Slave drive detection

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In my x32Win10ProV2H22, I find that SOMETIMES I have to reboot before newly connected drives (using SATA connection) get detected. At other times I can achieve detection by reseating the leads into the SSDs. Is there another alternative to rebooting ?
 
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Is there another alternative to rebooting ?
With SATA and the older PATA/IDE drives, No, they are not "hot-pluggable" like External USB drives. There are inserts available for a Desktop case that can allow hot-pluggable but the BIOS has to have a setting to allow that [I have a computer with a GigaByte motherboard that allows it}.

Note: the PATA/IDE drives used a cable for Master and Slave when 2 drives were installed with Master being the bootable drive but SATA connections are for single drives only so Master and Slave have become obsolete.
 
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The BIOS does NOT lack that ability. It's just that SOMEtimes that is 'disabled' till I reboot (or reseat the leads into the SDD.
 
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Do you not shut the computer down before making cable changes? Two possible scenarios, one is simply that the BIOS does not recognize the change until booting which indexes the resources it has to work with which in turn the Operating System reads to know how to use those resources and the other is the possibility that since an ATX-style motherboard usually always has power to it there could be electrical damage to its circuits and/or plugged in parts during the change.
 
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'Do you not shut the computer down ?' NO, I don't. The drives have SWITCHED power; that usually works, but sometimes a reboot is required (or reseating of the leads into the SSDs).
 
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Can't go any further with this, don't have any details/information about the computer itself.
 
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I've realised that one possible explanation of the drives not showing in THIS PC, is that they have lost their drive letter - something which can be remedied in Disk Management. I NOW know that Disk Management has a 'rescan disk' option which might well (for all I know) reassign a letter to the missing drive. I have to wait till the problem occurs again before I can judge if this technique works.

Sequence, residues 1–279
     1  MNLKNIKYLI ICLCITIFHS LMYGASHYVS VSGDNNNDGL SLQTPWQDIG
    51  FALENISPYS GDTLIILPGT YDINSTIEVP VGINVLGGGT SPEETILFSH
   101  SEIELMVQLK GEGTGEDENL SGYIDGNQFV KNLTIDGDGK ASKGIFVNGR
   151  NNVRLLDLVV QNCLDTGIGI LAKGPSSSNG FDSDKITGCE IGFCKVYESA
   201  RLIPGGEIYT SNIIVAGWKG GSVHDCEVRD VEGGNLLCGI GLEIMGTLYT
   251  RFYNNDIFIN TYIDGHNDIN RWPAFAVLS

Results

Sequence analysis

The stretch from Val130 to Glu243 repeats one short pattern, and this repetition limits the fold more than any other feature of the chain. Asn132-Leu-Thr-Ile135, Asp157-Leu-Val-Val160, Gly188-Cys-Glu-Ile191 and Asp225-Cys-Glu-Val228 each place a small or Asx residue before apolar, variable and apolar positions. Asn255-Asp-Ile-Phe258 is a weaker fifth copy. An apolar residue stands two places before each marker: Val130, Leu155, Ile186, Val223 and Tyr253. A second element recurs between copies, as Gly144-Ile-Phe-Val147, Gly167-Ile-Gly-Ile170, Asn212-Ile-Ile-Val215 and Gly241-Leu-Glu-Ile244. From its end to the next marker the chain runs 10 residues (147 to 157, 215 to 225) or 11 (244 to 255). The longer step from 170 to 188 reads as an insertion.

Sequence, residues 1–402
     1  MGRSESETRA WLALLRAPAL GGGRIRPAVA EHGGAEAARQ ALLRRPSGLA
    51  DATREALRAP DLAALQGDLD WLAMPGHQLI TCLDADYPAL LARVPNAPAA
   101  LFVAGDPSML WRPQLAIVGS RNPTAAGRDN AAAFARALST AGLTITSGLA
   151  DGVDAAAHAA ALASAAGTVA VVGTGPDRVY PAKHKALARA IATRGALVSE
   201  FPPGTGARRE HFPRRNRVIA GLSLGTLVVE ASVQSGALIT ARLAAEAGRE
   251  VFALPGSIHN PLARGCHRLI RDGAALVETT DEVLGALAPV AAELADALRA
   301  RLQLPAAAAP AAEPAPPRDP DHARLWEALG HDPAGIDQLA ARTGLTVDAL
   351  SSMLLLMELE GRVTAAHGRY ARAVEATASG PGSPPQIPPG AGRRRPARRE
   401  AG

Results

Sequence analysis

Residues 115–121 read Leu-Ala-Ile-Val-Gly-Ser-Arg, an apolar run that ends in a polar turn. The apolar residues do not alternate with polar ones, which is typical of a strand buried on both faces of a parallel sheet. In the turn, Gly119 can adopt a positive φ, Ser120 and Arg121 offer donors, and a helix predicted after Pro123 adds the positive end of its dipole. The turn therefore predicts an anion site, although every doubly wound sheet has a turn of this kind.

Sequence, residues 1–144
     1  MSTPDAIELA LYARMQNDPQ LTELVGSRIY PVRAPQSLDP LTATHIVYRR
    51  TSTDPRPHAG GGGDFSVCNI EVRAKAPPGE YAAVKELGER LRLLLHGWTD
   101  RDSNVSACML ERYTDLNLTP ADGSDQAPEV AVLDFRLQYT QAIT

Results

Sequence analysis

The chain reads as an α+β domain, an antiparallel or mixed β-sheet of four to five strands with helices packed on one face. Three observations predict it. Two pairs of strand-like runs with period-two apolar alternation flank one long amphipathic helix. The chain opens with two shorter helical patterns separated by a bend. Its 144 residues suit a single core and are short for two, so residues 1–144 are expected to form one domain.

Optimistically assuming that it would work, a simple elegant batch file that triggers the rescan function of Disk Management would then be the icing on the cake.

I have seen a batch file that employs DiskPart to do a rescan - it failed to restore detection, but I do not know if that is the same as the rescan in Disk Management.
 
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Yes, a new drive first has to be initialized, usually in Disk Management, then it needs at least one partition created on it which then needs to be formatted followed by a drive letter assigned. Before Win10 or Win8 the general function when using a NAS drive the letter assigned would be Z: then a second NAS would be Y:, etc. Internal drives would be C:, D:, etc. including ODDs. USB drives would follow those but if keeping a USB drive constantly plugged into the same USB port a letter could be assigned. Changing a USB drive to a different port may cause a change in the previous drive letter, but not always. There's always variables with External drives.
 
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My problem does not relate to NEW drives, but to drives that have previously (VERY recently) been detected and accessed by my Windows.
 
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Obviously, if a drive has already been initiliazed/used that step can be skipped, actually shouldn't appear. I mentioned as it can't be skipped on a new drive.
 
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It rather looks like the most promising technique is to depower the drive and power it again - that fixes it SOMETIMES if not always.
 

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